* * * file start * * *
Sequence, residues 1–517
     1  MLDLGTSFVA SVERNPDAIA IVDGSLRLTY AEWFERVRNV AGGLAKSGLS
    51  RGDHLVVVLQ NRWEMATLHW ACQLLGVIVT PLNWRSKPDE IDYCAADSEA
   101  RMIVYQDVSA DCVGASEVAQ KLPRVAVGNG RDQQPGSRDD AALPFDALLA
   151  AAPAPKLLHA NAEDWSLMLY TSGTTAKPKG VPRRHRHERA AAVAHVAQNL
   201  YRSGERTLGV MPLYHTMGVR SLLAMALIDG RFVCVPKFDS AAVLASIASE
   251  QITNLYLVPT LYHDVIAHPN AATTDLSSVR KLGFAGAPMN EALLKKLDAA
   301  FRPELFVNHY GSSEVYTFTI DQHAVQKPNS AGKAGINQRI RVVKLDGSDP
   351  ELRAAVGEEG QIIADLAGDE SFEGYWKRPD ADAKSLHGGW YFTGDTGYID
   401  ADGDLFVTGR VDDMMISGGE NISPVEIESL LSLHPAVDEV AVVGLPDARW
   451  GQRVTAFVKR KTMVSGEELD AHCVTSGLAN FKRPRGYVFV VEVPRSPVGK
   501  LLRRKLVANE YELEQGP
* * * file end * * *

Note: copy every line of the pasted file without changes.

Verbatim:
Sequence, residues 1–517
     1  MLDLGTSFVA SVERNPDAIA IVDGSLRLTY AEWFERVRNV AGGLAKSGLS
    51  RGDHLVVVLQ NRWEMATLHW ACQLLGVIVT PLNWRSKPDE IDYCAADSEA
   101  RMIVYQDVSA DCVGASEVAQ KLPRVAVGNG RDQQPGSRDD AALPFDALLA
   151  AAPAPKLLHA NAEDWSLMLY TSGTTAKPKG VPRRHRHERA AAVAHVAQNL
   201  YRSGERTLGV MPLYHTMGVR SLLAMALIDG RFVCVPKFDS AAVLASIASE
   251  QITNLYLVPT LYHDVIAHPN AATTDLSSVR KLGFAGAPMN EALLKKLDAA
   301  FRPELFVNHY GSSEVYTFTI DQHAVQKPNS AGKAGINQRI RVVKLDGSDP
   351  ELRAAVGEEG QIIADLAGDE SFEGYWKRPD ADAKSLHGGW YFTGDTGYID
   401  ADGDLFVTGR VDDMMISGGE NISPVEIESL LSLHPAVDEV AVVGLPDARW
   451  GQRVTAFVKR KTMVSGEELD AHCVTSGLAN FKRPRGYVFV VEVPRSPVGK
   501  LLRRKLVANE YELEQGP